It is an emotional reaction, some people are very susceptible to suggestion so they expect to “fall out” or they see others “fall out” and they follow suit.
Thanks. I really wish these ministries would put this type of info prominently on their web pages for the benefit of those of us who want to make sure we are attending legit events.
I agree. It took quite a bit of googling to figure that out. If you are legitimate, I don’t understand why you would not include this on your website some place.
Also remember, if anyone is coming in to give a ministry, a talk, a retreat, a musical event, at your parish, be they religious or lay persons, your Diocese must approve them to come in. If you have questions you can call the Chancery office at your Diocese and verify that someone remembered to get the guest approved.
Long ago, I went to a retreat with Fr. Peter Rookey (the “miracle priest”) and at the end, those that wanted to receive a blessing lined up standing left to right. An announcement was made that some people may have a reaction “like fainting” so two escorts would assist them to gently lay down. I did not have any thought of ME reacting like that and wished a blessing so went up to take my place. When Father got to me he touched my forehead and next, I experienced the most peaceful feeling of pure rest as I returned to awareness. Yes, I had the experience. It was too beautiful for me to speak of - because the topic has been brought up, I thought I would share. Nothing else to add.
One cannot receive gifts such as tongues simply by asking for it, or by virtue of his Confirmation, as I have had various Charismatics claim, with my own ears. As the Baltimore Catechism teaches: “Such powers as the ‘gift of tongues’ were not a part of the Sacrament of Confirmation, but they were added to it by the Holy Ghost when necessary for the good of the Church” (q. 449). The teaching of the Church is clear; such extraordinary phenomena are not intrinsic to Confirmation, but added to it when necessary.
As proof of this, the Church also teaches that the gift of tongues have not continued on a large scale in these days. While there are later cases of genuine gift of tongues, for example, with St. Francis Xavier, these were specific instances in which tongues were, as the Baltimore Catechism teaches, “necessary for the good of the Church”. Remember St. Francis Xavier was a missionary.) Again, the same Catechism is very clear: “These signs are not continued everywhere at the present time, because now that the Church is fully established and its divine character and power proved in other ways, such signs are no longer necessary” (q. 448).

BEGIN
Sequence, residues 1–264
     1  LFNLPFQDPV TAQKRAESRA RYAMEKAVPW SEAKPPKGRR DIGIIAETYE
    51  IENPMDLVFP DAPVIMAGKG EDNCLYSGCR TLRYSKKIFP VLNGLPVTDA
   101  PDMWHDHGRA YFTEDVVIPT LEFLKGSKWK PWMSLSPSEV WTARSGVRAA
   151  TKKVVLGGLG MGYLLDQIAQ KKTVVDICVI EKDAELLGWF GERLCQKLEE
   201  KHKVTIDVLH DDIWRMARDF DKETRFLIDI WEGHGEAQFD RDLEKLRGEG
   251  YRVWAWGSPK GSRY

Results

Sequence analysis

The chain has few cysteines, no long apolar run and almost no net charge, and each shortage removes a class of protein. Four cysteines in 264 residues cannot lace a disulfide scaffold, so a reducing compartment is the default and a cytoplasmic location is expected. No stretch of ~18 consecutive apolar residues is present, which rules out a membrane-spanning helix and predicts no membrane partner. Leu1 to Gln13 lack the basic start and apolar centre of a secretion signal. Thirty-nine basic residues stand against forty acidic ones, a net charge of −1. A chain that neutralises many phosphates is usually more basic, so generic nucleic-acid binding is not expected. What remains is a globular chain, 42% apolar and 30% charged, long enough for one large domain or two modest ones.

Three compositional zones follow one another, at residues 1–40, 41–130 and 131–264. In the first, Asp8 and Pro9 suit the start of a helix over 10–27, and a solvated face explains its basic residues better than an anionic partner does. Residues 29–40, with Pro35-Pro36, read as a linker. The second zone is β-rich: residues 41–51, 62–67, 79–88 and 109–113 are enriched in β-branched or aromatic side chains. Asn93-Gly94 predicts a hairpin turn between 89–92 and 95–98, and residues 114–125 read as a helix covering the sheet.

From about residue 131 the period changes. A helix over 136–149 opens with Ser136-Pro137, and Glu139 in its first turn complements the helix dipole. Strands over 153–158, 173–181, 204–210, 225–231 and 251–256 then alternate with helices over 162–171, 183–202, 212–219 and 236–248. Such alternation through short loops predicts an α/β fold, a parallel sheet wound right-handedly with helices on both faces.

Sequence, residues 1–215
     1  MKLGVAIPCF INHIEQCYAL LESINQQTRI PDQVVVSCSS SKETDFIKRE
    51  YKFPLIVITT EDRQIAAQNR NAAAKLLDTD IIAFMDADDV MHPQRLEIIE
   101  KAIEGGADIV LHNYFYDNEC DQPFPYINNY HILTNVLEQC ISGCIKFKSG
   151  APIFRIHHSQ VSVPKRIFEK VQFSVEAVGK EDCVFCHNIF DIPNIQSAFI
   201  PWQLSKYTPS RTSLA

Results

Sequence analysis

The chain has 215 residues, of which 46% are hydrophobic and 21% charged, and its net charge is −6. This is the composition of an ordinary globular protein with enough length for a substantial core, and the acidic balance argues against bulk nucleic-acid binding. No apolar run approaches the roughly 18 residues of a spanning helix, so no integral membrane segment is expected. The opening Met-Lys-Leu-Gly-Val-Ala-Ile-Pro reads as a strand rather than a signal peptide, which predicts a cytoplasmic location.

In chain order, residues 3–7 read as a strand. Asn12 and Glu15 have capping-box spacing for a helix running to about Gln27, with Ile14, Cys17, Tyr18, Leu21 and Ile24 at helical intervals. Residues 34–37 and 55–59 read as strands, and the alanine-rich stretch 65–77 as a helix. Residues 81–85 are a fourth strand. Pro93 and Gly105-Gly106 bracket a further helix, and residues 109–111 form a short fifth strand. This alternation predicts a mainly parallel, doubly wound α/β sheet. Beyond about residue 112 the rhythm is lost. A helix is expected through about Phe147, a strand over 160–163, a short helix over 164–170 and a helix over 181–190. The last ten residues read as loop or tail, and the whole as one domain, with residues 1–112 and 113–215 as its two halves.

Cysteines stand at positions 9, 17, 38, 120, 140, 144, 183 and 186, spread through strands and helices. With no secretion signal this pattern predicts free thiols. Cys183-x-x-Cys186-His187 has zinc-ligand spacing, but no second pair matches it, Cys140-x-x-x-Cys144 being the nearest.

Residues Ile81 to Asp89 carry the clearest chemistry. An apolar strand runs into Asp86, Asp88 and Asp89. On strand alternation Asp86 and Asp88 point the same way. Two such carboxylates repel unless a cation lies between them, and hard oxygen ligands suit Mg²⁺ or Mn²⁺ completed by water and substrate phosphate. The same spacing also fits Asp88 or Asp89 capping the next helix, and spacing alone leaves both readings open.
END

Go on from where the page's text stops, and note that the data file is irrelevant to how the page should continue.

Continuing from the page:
The same goes for other things, like the gift of healing.
So, appealing to things which happened during the Apostolic era isn’t exactly a strong argument.
Of course it is still a strong argument!
I don’t see anyone here claiming everyone can speak in tongue or heal. In comparison to the whole church, the number of people claiming to have these gifts is quite small.
If God could do it then, he can do it now. The Baltimore Catechism did not say these gifts were extinct.
The Holy Spirit also provides gifts of faith and wisdom.
Yet everybody gets all hung up on the tongues.
What about the teaching of St. Augustine?
“Brothers, has the holy Spirit not been given now? Whoever thinks this is not deserving to receive. He is given and now. Why then is no one speaking in the tongues of all the nations just as he spoke who at the time was being filled with the holy Spirit? Why? Because this was a sign that has been satisfied”. — MPL Vol. 38. Augustine. Sermo CCLXVII (267) Col. 1230ff
Yes, the number of people who claim to speaking in tongues, have the gift of healing, etc, is small; however, the denial of gratia gratis data is still troubling.
We must distinguish between the ordinary and the extraordinary. Then there’s also gratia gratia data to consider.
Teresa of Avila writes bout these phenomena.
I once saw a Pentacostal minister on TV pray in tongues. I recognized what he was saying. He was saying “Glory be to Satan.” in Arabic.
St Teresa of Avila wrote about that also. ,
I always leave before the dogs start barking.
My very conservative Catholic husband and I ( also a devout Catholic) went to a retreat and as the priest blessed people on the first night some did faint.
When my husband saw that, he was ready to leave right then. I convinced him to stay until the end of the mass and then leave.
When we went up to be blessed, he fainted, or as they call it “slain in the Spirit”.
No one was more surprised than he.
We did stay for the whole retreat and took our daughter to a mass by the same priest a few weeks later. He fainted again at that mass. I have never felt any weakening at either of these events.
Certainly applies to glossolia, but healing is certainly nessecary in today’s age
You know, God is in control. What may have been the will of God in one time may not be his will in another and vice versa.
Additionally, we can quench the Holy Spirit when we choose and for whatever reason we choose. Jesus Christ himself could not perform miracles amongst those who did not want to have faith and did not want to respond to His grace.
People continue to be healed. People continue to speak in tongues they had not knowledge of before. I don’t presume to know why God does what he does.
And I don’t think God would grant extraordinary favors to a movement whose founding was essentially a direct violation of the laws of the Church.
Do you have a citation for that?
1917 Code of Canon Law, canon 1258.
The objection is obvious: “But it’s abrogated!”
To which I respond: “Yes, but it was in effect when the Charismatic movement began. And those Catholics who attended the Protestant service and began the movement, would have been bound to obey the Church law of their time. The only way to justify their disobedience would have been the principle of equity, which does not work in this situation”.